Little of its handling character could be known to those eyeing it from the Earls Court floor, even potential buyers would have no more than a few magazine road tests to judge it by. This car, TGX 37M, a very original right-hand-drive model, seems to have had no trouble winning over a devoted owner, a North London building contractor who kept the car for 29 years.

In Europe, as much by inference, the Pantera was sold very much as an Italian car, the ‘Powered by Ford’ badge notwithstanding. It had the chiselled Carrozzeria Ghia looks to state its claim, although ironically, it was actually penned by a young American; Tom Tjaarda.

Over in the States, the De Tomaso Pantera was sold through Ford’s luxury Lincoln Mercury dealerships, perhaps making it seem like an in-house creation. Though I would have paid good money to watch a Lincoln Mercury salesman try to get a client out of one of their land yachts and into this.

You have to wonder what Ford – both man and firm – were thinking as it strayed from making cars it understood. The automotive behemoth was still smarting from its snubbed overtures to Ferrari, and maybe its senior management was also spooked by the mid-engined concepts (XP-882) that Zora Duntov and Chevrolet were developing and felt that the need to get ahead. Lee Iacocca, Ford’s driving force behind the Mustang, knew that it was a lot easier to corner the market if you were the first one there. And he liked the Pantera. Either way, you were – and are – left with a car that has been slightly dogged by its mixed pedigree. But make no mistake, it is a pedigree – it took great things from both parents. But it’s had to fight off competitors from both sides.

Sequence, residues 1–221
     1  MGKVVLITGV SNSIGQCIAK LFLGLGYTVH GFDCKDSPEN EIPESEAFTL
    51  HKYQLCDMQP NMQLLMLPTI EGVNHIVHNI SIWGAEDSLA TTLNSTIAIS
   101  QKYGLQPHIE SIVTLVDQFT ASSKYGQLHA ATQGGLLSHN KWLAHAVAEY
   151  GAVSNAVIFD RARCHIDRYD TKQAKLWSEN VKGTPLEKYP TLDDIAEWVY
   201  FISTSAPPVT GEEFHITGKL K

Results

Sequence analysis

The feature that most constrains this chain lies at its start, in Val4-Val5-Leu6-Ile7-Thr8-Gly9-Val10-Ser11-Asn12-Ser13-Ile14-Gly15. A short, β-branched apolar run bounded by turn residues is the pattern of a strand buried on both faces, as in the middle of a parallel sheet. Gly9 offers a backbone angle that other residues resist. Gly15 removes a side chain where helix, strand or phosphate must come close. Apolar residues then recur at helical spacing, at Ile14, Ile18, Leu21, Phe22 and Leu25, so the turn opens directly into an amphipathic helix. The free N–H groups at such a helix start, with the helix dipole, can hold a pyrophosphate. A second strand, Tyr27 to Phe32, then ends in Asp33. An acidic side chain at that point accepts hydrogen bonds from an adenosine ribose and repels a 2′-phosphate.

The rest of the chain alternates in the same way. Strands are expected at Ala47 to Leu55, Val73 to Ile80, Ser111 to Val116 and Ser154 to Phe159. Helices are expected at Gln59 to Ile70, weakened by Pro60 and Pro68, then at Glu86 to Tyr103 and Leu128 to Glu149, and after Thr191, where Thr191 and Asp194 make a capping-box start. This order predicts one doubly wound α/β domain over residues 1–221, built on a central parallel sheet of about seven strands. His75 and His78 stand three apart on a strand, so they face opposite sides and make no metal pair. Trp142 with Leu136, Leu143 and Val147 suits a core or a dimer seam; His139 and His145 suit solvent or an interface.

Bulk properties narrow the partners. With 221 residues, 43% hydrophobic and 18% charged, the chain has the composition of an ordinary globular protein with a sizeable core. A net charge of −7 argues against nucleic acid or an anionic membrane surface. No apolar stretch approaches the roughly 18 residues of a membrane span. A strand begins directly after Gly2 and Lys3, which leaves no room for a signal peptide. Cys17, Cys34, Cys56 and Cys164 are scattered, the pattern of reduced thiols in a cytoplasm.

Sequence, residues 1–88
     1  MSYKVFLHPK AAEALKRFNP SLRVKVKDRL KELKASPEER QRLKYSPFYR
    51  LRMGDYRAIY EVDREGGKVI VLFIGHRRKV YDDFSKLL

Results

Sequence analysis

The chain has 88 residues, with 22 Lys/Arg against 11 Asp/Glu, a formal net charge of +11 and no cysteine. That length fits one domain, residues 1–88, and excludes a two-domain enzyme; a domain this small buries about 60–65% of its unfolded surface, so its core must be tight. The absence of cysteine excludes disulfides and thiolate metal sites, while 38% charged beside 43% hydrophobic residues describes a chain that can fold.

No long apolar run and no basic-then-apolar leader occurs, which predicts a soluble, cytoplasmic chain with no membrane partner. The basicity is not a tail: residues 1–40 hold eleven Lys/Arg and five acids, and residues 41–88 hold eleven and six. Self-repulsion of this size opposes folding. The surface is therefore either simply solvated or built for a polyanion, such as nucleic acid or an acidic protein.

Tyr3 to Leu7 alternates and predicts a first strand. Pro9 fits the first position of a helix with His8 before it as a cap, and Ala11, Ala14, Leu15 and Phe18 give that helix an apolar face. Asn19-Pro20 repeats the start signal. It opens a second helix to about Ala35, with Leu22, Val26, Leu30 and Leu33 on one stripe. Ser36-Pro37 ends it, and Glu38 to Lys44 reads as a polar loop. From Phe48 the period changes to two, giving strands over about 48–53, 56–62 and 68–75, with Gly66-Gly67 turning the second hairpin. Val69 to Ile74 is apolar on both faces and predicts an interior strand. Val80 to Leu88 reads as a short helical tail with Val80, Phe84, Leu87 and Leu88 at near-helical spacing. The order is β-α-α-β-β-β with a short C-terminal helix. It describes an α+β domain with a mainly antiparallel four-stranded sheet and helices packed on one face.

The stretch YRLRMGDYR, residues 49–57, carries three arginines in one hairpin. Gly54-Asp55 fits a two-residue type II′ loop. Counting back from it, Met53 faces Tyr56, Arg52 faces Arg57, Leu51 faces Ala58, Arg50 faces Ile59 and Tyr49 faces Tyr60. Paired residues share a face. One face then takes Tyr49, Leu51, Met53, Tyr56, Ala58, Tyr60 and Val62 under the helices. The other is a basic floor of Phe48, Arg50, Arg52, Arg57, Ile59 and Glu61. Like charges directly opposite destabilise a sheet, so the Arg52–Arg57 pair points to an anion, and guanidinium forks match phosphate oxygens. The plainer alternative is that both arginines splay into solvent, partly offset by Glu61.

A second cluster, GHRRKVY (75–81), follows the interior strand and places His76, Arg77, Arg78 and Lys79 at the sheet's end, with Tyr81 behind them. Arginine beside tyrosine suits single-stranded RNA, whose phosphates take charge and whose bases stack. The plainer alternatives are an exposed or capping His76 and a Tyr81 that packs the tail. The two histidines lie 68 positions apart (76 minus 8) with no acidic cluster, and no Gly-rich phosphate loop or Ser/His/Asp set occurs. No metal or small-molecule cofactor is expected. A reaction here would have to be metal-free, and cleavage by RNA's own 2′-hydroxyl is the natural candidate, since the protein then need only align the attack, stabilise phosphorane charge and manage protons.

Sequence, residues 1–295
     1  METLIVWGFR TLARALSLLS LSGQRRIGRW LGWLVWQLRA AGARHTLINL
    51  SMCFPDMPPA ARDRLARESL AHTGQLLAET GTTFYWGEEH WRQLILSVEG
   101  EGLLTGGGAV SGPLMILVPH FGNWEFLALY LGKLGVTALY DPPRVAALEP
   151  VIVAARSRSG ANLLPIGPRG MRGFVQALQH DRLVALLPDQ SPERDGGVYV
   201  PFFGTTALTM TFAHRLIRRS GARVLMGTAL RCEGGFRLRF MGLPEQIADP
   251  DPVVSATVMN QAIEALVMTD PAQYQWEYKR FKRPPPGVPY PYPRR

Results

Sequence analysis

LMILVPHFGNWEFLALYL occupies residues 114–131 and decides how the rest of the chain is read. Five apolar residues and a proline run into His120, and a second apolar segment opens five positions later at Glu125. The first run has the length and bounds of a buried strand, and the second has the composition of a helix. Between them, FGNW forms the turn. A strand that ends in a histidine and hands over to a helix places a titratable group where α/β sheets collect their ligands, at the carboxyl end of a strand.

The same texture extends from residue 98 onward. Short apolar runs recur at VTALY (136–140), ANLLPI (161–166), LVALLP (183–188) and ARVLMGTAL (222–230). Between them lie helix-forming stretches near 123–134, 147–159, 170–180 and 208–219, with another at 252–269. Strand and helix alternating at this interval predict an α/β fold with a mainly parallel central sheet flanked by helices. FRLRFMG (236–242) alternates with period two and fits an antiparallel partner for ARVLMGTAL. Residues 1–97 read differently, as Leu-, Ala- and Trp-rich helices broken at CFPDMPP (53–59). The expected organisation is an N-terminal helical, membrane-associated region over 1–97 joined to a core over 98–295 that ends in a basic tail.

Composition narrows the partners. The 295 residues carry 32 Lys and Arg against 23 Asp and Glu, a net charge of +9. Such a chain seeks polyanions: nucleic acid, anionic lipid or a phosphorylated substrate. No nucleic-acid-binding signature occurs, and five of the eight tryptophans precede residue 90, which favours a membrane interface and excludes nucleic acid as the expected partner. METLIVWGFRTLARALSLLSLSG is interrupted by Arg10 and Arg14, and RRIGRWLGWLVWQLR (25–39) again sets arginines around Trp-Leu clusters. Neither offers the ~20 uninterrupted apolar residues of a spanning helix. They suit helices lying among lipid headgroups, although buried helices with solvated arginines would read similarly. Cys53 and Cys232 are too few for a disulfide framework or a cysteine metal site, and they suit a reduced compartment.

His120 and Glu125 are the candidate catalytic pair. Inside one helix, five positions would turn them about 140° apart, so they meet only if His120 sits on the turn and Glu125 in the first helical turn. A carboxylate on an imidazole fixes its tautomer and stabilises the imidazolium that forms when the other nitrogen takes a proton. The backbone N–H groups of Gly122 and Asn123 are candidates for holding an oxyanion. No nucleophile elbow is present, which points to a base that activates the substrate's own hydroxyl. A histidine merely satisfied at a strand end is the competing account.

Driving the Pantera now, the engine is calling me back to its American and Anglo-American rivals. The Mustang? No; the pair may have shared an engine, but handling-wise the De Tomaso leaves the pony car for dead. By the time the Pantera landed, the old big-block Cobra was history, its nearest opponent possibly Corvette’s 425bhp ZR2 of ’71. It took no prisoners. But still no to that one. The De Tomaso feels more complex in character, a little more… subtle. I’ve got to say it; more exotic, And of course, that drives us right back to the Modena cars. Yes, you feel their pull in the De Tomaso.